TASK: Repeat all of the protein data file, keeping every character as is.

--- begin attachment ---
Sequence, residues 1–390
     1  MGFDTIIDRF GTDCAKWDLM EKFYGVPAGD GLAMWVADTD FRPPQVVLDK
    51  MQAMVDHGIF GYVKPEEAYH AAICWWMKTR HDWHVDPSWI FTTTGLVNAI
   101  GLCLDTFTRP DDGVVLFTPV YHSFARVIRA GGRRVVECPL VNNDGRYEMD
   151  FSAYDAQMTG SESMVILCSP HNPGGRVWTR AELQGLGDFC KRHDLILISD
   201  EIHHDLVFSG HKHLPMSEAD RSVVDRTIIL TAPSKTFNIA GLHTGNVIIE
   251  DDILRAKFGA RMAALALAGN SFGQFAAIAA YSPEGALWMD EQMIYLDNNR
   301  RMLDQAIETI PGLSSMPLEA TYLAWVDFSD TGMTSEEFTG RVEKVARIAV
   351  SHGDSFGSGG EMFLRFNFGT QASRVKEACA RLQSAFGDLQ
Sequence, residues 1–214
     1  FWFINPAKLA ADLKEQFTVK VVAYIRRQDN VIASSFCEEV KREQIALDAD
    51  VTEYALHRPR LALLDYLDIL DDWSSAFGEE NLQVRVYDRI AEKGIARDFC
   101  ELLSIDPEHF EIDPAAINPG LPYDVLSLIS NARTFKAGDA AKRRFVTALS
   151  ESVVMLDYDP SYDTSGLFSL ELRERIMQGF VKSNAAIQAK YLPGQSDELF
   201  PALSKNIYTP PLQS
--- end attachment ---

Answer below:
Sequence, residues 1–390
     1  MGFDTIIDRF GTDCAKWDLM EKFYGVPAGD GLAMWVADTD FRPPQVVLDK
    51  MQAMVDHGIF GYVKPEEAYH AAICWWMKTR HDWHVDPSWI FTTTGLVNAI
   101  GLCLDTFTRP DDGVVLFTPV YHSFARVIRA GGRRVVECPL VNNDGRYEMD
   151  FSAYDAQMTG SESMVILCSP HNPGGRVWTR AELQGLGDFC KRHDLILISD
   201  EIHHDLVFSG HKHLPMSEAD RSVVDRTIIL TAPSKTFNIA GLHTGNVIIE
   251  DDILRAKFGA RMAALALAGN SFGQFAAIAA YSPEGALWMD EQMIYLDNNR
   301  RMLDQAIETI PGLSSMPLEA TYLAWVDFSD TGMTSEEFTG RVEKVARIAV
   351  SHGDSFGSGG EMFLRFNFGT QASRVKEACA RLQSAFGDLQ
Sequence, residues 1–214
     1  FWFINPAKLA ADLKEQFTVK VVAYIRRQDN VIASSFCEEV KREQIALDAD
    51  VTEYALHRPR LALLDYLDIL DDWSSAFGEE NLQVRVYDRI AEKGIARDFC
   101  ELLSIDPEHF EIDPAAINPG LPYDVLSLIS NARTFKAGDA AKRRFVTALS
   151  ESVVMLDYDP SYDTSGLFSL ELRERIMQGF VKSNAAIQAK YLPGQSDELF
   201  PALSKNIYTP PLQS